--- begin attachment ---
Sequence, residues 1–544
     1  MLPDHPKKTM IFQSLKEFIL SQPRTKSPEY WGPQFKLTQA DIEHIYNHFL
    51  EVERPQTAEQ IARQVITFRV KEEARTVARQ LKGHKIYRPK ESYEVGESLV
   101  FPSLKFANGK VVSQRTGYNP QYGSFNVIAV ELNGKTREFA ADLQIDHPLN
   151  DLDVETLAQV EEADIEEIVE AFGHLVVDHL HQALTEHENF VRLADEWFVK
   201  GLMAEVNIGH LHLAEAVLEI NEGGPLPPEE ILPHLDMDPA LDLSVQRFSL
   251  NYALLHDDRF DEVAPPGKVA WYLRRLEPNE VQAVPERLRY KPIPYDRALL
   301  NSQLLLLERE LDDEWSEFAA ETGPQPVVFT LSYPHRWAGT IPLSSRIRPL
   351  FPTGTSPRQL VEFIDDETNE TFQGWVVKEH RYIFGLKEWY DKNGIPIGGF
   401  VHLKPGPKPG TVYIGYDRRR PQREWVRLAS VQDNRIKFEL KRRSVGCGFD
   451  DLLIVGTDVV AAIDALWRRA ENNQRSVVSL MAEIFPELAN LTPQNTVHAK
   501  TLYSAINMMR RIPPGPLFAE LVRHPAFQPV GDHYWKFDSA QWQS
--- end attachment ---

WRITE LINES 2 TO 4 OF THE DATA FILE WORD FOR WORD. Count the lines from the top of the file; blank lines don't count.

     1  MLPDHPKKTM IFQSLKEFIL SQPRTKSPEY WGPQFKLTQA DIEHIYNHFL
    51  EVERPQTAEQ IARQVITFRV KEEARTVARQ LKGHKIYRPK ESYEVGESLV
   101  FPSLKFANGK VVSQRTGYNP QYGSFNVIAV ELNGKTREFA ADLQIDHPLN